EDITORIAL

More research needed in midst of gun debate

Posted

The most discussed and polarizing issue of our modern society is no longer a matter of opinion, as over two million people participated in more than 800 marches and rallies across the nation on Saturday as part of the “March for our Lives” protest, which has now been billed as one of the largest demonstrations in the nation’s history.

Over 2,000 of those demonstrators took to the Rhode Island State House, where student activists, including Nina Gregg, a 2016 graduate of Marjory Stoneman Douglas High School who now attends the Rhode Island School of Design, spoke up about their exasperation and apprehension about constantly thinking where the next school shooting might occur – and if the next one might take place within their school.

The message from protesters was unified and powerful. They’re calling for stronger background checks on those who purchase firearms, a mandatory age increase to 21 for those who wish to buy a gun, waiting periods between the request and sale of a gun and outright bans on certain assault style weapons and gun accessories that can exacerbate their destructive power, such as high capacity magazines and military-style bump stocks that reduce weapon recoil.

The youth of the nation were joined by many generations of parents and grandparents who, like the students, are shouting for something to be done to help curtail the violence seen in this country – a number that is estimated at around 36,252 deaths caused via firearms in 2015, according to the Center for Disease Control and Prevention (CDC).

These demonstrators have one thought in common, which draws the ire of those who disagree with them at the core. They believe that more restrictions on access to guns will prevent more gun deaths.

On the other side, this belief is seen as naïve at best and is laughed at as outright nonsense to some. Those against enacting stricter gun restriction laws believe that a criminal, by their very nature of being a criminal, does not care about laws – and will circumvent legality in order to obtain whatever gun they want in order to carry out their malicious intent. Gun laws only harm law-abiding citizens’ Constitutionally-protected rights to bear arms, they argue.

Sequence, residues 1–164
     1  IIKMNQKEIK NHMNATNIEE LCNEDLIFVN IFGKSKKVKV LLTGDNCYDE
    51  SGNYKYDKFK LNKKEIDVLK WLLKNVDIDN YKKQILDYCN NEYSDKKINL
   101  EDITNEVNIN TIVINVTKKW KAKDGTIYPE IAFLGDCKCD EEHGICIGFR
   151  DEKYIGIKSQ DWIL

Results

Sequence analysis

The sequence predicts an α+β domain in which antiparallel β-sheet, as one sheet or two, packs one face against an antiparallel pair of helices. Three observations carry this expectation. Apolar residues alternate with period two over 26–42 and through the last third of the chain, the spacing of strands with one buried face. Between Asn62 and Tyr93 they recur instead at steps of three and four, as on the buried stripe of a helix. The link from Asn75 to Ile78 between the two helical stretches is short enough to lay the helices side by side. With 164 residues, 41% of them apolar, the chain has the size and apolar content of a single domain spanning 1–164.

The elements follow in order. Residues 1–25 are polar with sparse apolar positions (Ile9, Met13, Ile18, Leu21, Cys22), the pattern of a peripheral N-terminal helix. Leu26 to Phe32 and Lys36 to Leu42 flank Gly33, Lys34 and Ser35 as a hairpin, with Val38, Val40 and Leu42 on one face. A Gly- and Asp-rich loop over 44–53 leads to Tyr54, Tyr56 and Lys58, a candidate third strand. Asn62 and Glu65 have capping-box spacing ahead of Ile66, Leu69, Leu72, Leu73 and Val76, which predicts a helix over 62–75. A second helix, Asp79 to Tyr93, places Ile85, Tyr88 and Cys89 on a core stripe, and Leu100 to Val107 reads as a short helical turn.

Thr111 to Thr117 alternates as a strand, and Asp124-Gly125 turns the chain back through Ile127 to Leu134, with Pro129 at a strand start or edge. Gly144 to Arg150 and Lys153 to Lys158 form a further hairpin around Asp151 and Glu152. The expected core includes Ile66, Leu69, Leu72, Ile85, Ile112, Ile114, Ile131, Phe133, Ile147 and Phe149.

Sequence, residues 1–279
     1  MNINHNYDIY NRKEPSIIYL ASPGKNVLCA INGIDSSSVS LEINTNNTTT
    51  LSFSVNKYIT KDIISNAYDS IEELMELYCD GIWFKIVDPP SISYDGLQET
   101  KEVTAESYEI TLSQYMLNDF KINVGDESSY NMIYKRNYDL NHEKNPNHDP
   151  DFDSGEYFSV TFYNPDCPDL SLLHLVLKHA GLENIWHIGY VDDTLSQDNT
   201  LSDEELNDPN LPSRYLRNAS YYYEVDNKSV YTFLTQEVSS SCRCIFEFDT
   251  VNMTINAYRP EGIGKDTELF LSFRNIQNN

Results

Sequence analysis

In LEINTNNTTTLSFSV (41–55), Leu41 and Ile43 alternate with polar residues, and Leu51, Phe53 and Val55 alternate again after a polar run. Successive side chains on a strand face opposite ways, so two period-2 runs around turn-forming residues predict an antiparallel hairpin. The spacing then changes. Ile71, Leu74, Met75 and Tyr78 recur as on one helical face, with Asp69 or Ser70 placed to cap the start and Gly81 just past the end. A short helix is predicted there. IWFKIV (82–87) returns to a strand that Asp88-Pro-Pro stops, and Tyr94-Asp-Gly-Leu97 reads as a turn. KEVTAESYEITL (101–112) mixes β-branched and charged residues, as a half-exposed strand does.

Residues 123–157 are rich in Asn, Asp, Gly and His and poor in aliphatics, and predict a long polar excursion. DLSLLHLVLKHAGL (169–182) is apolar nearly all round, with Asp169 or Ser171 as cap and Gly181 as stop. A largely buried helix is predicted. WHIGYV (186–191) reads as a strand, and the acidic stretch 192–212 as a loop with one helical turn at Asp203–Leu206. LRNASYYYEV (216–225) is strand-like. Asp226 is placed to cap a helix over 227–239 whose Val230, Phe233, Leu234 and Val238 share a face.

The important thing to realize is that there is no definitive answer to this issue – neither anecdotally nor through empirical research – at this point in time.

While the federal government has championed thousands of studies on the deadliness of vehicles, cigarettes, exposure to sunlight, chemicals used in food production and hundreds of other hazardous behavioral and environmental factors we’re exposed to on a daily basis, as a nation we are decades behind on viable, crucial research into our society’s fascination and inundation of firearms – and the consequences of that culture.

This is in large part due to a provision that was added to the funding bill for the CDC in 1996, which stated that the CDC would not be allowed to “advocate or promote gun control.” While this provision did not serve as an outright ban on the federal government studying gun control, it has produced a chilling effect that has accomplished that very thing, according to multiple gun research advocacy groups. More directly, Congress simultaneously slashed the CDC’s budget by $2.6 million that year, the same amount they had been spending on gun-related research.

Nonpartisan research entities, such as the RAND Corporation, do not take a side in their desire to study gun violence, nor do they have an agenda to prove that guns need to be restricted or more accessible. These groups are advocating purely for the ability to make better informed decisions about gun policy – something that is sorely needed in a time where the iron for new policy is scorching hot and may very well result in long-lasting policy changes, whether that results in more stringent gun control or not.